The comic shops have been vital to the health of the field because of their support of what is new.  When you look at the mass merchants (and I'm not simply talking about things like Walmart, but even the Amazons of the world, the Barnes & Nobles of the world), they're very passive about bringing anything new out.  They may stock it. Amazon obviously will stock everything that comes out, but there is no hand‑selling.  There's no bets.  They don't get passionately behind new things, unless the new thing comes from a very established brand.

Comic shops are driven by passion, and they're open to what is new; not all of them, not everything, not all the time, not every comic shop.  As a structure, the Direct Market has been enormously supportive of experimentation and revitalization.  Whether that's supporting a brand‑new title from a Marvel or a DC by a talent nobody's ever heard of, but whose stuff looks interesting, supporting new publishers.

That injects energy into the field every time, and injects the possibility of bringing new bodies of readers in, in a way that the mass merchants aren't energetic about.  If the comic shop side of the business gets weaker, our ability to keep growing in radical new ways gets weaker.

True that.  You’re up for the Eisner Hall of Fame.  What do you regard as your most important contribution to the medium, and we'll say, so far?
Bless you.  My most important contributions to the medium were on the business side, implementing structures that became standard for the industry to give creators a better stake in their work.

That fueled a tremendous amount of the explosion of creativity in the early and mid‑80s. The work building and solidifying the Direct Market, and ultimately, the graphic novel format.

None of these were uniquely mine.  None of these, even within the acts of DC, were individually all mine.  The creator's stakes would never have been possible without Jenette Kahn as a partner in crime, and really, philosophical leader on many of those issues.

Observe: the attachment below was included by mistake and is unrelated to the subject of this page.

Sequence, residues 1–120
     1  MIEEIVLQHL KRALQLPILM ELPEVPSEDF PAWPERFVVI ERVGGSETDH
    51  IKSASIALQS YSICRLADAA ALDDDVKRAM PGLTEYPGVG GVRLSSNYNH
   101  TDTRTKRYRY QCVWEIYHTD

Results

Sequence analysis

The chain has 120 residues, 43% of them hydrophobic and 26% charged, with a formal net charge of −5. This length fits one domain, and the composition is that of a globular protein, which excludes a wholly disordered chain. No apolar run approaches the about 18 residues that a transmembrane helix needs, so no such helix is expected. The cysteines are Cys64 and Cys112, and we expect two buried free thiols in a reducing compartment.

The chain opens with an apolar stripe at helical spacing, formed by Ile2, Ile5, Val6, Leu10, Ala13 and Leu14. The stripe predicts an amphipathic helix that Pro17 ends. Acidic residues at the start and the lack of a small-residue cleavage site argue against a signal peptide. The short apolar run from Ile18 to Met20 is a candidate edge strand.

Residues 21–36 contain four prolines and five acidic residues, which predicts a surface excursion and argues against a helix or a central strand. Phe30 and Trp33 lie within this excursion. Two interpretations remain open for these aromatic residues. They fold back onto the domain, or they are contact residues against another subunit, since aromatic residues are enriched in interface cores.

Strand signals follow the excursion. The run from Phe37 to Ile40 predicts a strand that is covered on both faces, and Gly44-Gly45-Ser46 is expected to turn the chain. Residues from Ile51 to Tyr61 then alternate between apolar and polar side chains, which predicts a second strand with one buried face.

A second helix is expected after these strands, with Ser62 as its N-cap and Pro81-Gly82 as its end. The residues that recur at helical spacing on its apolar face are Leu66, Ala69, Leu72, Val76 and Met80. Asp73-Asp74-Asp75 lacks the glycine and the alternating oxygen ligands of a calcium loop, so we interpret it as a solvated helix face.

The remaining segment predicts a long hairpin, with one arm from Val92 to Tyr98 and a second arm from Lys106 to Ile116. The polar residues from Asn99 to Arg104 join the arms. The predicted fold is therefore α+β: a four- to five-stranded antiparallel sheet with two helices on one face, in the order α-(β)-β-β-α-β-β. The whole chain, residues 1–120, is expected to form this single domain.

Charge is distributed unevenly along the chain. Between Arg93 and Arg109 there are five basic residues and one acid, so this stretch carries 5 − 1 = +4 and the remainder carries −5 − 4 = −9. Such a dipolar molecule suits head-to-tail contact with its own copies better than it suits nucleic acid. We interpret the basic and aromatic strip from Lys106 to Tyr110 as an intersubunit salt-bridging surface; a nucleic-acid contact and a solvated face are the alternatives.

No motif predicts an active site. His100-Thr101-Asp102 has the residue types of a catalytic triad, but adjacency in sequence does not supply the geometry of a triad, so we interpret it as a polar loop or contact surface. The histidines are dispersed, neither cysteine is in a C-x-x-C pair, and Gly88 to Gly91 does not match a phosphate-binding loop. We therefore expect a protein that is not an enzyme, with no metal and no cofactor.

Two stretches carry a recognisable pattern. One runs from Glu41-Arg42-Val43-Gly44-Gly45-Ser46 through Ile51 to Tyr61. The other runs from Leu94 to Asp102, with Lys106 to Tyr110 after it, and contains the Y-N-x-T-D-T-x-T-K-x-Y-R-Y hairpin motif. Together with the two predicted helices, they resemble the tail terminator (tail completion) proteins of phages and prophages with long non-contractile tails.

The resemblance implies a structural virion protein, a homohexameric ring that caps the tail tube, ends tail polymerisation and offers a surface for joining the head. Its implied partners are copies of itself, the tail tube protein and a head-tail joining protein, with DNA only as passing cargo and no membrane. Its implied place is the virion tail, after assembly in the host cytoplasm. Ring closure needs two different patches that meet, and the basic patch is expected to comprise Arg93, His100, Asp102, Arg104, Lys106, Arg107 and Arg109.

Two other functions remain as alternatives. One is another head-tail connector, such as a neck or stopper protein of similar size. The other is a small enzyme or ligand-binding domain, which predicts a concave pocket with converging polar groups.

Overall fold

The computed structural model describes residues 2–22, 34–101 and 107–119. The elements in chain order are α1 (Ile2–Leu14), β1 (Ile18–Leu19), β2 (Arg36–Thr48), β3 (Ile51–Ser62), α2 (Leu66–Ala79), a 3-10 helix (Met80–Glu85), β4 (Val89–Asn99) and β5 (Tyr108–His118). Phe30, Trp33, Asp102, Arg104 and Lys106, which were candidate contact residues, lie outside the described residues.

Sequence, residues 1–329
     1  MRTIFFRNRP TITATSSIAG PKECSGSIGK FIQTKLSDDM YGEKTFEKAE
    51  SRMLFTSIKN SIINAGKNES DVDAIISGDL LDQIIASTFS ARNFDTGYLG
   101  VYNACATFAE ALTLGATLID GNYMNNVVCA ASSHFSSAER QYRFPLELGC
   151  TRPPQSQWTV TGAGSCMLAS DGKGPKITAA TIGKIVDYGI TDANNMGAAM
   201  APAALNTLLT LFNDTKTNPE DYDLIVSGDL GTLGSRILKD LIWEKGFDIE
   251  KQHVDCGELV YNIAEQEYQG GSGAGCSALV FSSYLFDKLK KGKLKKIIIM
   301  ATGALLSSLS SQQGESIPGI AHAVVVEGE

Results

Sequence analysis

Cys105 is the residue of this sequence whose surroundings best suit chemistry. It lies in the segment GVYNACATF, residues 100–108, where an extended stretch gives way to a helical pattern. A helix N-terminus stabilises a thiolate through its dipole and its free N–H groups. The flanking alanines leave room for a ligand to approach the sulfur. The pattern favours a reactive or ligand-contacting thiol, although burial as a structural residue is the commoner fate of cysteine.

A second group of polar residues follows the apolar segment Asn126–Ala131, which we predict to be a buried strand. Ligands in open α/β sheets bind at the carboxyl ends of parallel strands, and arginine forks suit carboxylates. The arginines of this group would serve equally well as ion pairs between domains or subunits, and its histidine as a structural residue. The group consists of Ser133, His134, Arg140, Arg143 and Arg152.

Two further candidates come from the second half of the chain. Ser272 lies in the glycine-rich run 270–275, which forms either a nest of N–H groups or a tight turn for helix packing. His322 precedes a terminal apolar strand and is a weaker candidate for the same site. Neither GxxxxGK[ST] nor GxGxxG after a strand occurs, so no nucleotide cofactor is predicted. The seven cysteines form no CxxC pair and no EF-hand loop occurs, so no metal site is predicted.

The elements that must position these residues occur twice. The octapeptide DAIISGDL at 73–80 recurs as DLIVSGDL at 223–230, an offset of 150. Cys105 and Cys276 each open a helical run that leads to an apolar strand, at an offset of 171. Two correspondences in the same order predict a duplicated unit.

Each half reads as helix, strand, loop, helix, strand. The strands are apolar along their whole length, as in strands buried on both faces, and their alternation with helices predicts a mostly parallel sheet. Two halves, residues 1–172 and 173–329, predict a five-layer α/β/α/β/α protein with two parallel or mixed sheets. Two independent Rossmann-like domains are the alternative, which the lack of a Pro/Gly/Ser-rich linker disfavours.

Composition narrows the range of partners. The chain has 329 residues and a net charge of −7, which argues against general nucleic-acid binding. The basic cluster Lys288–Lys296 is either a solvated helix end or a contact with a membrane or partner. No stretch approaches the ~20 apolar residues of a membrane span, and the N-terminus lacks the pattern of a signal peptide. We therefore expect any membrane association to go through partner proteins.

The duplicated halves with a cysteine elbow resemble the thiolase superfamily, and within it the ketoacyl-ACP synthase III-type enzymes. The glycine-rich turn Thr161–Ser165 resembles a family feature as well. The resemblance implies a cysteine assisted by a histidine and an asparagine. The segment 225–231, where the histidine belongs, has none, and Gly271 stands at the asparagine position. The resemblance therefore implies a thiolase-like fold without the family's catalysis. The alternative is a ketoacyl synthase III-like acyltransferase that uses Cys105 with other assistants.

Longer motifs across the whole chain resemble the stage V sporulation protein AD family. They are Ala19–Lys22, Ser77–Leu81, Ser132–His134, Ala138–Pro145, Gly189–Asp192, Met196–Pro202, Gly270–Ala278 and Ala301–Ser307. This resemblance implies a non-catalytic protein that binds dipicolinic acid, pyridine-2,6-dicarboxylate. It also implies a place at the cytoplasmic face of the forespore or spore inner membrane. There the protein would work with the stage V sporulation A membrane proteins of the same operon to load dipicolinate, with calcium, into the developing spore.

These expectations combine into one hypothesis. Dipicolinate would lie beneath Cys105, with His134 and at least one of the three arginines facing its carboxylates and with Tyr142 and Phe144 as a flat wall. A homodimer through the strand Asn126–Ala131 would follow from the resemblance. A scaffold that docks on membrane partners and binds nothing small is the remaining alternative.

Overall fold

The hard grunt work and structural work that I did in many of these cases helped us build to the structures that we've today, and I'm very proud of that.  That enabled a lot of what comics are today.

Getting us through crises like the Heroes World mess.  Whether the solution was the ideal solution that you would vote for in the process or not, you're certainly as conscious as anybody else of what was at stake, and the many ways that that could have turned out even worse than it did.

I think for a long time, DC was just a very reliable partner to the other stakeholders it worked with, the creators, the distributors, the retailers; not always right, not always making the perfect or smart decision on something, but always trying to do things that was respectful of the partnerships it had in the business and trusted for that.  I'm very proud of that.  I don't say that, again, against anybody else's run anywhere, DC or our competition.  I'm proud that we were a good place to do business, as a major player in the business, that was supportive of everything good about it.

See preview (cover plus 6 interior pages) in the gallery below!